The White Witch

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Beth and Chrissi do Kid-Lit 2015 – MAY READ – The Lion, The Witch and the Wardrobe by C.S. Lewis

Published May 31, 2015 by bibliobeth


What’s it all about?:

When Peter, Susan, Edmund and Lucy took their first steps into the world behind the magic wardrobe, little do they realise what adventures are about to unfold. And as the story of Narnia begins to unfold, so to does a classic tale that has enchanted readers of all ages for over half a century.

What did I think?:

In 2014, Chrissi and I covered the first book in the Narnia series, The Magician’s Nephew (please see my review HERE). We both loved the world of Narnia as children so we thought it only proper that we continue reviewing the series as part of our Kid-Lit challenge. So, in 2015 here comes number two in the order that C.S. Lewis would prefer readers to approach the series, The Lion, The Witch and The Wardrobe. It was adapted fairly recently into a Hollywood blockbuster film but before that it was adapted for television first in 1967 and again in 1988-90 as part of a successful BBC television series which I vividly recall enjoying. There has even been an animated series in 1979 winning itself an Emmy in the process for Outstanding Animated Program. This was recorded for us by our parents and must have been the most watched video in our household! Finally, it has also been dramatised for BBC Radio 4 and appeared on the stage in the UK, USA, Philippines and Australia.

So if you’ve been living under a rock for a while, here’s what the book is all about. Four siblings Peter, Susan, Edmund and Lucy are evacuated from London during the war and sent to live in a huge house in the countryside owned by a Professor Kirke (Digory Kirke from The Magician’s Nephew actually) and a disgruntled housekeeper Mrs Macready who does not fancy the idea of four children under her feet. Luckily for her, the children choose to keep out of “the Macready’s” way and during a game of Hide and Seek the youngest child Lucy discovers the magical land of Narnia when she hides in a wardrobe. The first person she meets is a charming Faun called Mr Tumnus who tells Lucy that Narnia is under the terrible spell of The White Witch who makes it always winter and never Christmas and turns any animal who crosses her into stone with a flick of her magic wand. Mr Tumnus also tells her that she has paid him to bring any Daughter of Eve (human girl) or Son of Adam (human boy) to her if he should ever encounter them in the forest. There is an ancient prophecy about four children filling the thrones at Cair Paravel castle which would mean the end of the White Witch’s reign so she has a right to be slightly worried. Of course, Tumnus is a good old faun really and helps Lucy to get home quickly before she can be spotted by any of the Witch’s other spies.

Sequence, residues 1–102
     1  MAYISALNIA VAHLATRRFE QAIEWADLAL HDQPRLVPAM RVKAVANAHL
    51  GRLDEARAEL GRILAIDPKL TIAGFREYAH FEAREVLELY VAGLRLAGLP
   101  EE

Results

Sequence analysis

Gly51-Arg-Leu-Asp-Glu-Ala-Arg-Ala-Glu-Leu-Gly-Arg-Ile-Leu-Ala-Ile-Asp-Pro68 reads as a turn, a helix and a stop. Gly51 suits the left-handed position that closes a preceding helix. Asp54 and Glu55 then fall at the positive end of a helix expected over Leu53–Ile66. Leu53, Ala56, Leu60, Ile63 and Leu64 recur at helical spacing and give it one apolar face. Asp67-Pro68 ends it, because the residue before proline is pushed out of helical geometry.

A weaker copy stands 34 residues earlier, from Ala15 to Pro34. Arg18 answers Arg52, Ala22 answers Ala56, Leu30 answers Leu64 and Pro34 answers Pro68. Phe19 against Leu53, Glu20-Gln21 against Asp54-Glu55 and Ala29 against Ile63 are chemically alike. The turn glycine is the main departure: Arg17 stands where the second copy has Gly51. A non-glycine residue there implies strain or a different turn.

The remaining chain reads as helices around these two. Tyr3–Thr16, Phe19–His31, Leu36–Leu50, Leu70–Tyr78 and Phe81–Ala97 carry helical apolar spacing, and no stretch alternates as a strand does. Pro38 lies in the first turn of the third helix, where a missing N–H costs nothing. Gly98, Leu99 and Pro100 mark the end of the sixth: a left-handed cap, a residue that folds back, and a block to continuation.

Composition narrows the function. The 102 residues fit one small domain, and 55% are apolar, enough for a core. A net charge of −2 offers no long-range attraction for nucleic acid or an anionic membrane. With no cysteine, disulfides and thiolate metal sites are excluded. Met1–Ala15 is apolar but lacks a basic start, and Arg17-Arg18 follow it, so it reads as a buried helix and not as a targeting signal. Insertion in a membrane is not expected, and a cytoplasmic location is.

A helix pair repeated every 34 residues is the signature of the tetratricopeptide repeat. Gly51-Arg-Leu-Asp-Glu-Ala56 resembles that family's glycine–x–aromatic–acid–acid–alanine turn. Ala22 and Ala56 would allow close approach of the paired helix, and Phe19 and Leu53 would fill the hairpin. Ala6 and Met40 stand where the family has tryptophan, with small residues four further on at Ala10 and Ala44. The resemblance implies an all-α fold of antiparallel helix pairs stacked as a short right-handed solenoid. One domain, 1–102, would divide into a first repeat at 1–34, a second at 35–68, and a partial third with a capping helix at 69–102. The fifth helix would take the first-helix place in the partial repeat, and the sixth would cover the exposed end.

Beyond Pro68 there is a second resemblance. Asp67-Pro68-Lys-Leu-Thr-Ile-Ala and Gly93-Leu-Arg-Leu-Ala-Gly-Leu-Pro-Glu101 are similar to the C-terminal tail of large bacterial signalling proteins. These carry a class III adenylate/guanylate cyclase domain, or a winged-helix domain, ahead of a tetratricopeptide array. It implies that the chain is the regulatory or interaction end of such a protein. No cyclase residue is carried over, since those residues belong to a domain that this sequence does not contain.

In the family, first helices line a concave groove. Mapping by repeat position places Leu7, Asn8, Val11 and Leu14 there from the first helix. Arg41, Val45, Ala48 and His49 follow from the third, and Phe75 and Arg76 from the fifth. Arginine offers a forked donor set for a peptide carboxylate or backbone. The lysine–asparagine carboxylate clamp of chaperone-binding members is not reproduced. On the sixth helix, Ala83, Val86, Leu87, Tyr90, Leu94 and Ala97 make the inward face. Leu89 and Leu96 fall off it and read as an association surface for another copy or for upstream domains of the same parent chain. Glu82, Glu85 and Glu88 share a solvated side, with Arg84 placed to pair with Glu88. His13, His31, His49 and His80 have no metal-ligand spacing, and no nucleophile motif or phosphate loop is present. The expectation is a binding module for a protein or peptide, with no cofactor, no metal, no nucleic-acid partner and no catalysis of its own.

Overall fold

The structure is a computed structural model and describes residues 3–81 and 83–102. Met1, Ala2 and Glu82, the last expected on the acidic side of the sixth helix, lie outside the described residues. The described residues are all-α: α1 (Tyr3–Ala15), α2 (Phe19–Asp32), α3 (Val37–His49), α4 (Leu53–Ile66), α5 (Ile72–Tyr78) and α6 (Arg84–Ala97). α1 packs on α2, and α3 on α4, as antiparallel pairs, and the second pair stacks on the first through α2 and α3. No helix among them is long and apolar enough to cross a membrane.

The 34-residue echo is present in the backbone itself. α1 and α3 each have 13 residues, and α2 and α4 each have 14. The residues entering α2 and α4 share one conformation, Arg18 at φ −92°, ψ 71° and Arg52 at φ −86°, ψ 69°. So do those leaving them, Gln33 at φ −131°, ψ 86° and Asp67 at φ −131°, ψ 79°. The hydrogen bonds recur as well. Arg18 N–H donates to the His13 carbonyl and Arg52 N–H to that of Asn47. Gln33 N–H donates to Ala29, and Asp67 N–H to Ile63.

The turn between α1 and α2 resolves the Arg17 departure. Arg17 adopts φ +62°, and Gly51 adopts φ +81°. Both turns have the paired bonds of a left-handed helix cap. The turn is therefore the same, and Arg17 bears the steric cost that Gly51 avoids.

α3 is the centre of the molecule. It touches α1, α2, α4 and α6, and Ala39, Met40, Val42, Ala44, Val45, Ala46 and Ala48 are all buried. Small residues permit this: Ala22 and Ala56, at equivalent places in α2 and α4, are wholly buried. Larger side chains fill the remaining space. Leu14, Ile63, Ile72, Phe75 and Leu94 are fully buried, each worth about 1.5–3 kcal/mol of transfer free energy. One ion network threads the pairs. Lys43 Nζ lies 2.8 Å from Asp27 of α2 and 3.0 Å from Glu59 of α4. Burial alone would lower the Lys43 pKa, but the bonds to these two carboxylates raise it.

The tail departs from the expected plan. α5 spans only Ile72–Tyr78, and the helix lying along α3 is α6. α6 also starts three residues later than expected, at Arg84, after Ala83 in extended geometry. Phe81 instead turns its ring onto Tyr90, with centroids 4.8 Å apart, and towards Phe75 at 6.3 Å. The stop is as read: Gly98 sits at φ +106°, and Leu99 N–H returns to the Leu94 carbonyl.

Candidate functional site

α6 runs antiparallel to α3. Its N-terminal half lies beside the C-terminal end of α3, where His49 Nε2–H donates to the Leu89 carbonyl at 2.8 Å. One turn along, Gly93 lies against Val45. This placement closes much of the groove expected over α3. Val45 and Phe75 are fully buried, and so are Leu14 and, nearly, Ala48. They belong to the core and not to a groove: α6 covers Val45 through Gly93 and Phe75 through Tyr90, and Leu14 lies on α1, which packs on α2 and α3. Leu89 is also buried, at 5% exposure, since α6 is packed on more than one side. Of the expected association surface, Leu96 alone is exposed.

Lucy is excited to tell her sister and brothers all about the fantastical world she has been to but even though it feels as if she has been gone hours only a few seconds of time have passed in “our world,” so her siblings believe she is making it up. It doesn’t help matters when Edmund manages to enter Narnia also and when begged by Lucy to admit that the world exists, he maintains that she is lying which distresses her greatly. Of course the four children manage to enter Narnia eventually but it looks like it isn’t going to be all dancing and sunbeams when they discover poor Mr Tumnus has been taken prisoner by the White Witch for daring to interact with her enemies. To top it all off with a big cherry Edmund has gone over to the dark side with promises of Turkish Delight and king-making from the Witch. All four children are now in grave danger and so is Narnia as without Edmund the prophecy cannot be fulfilled. But the silver lining if you want to see it is that the mysterious and all-powerful Aslan is on the move and he just might be able to save everything.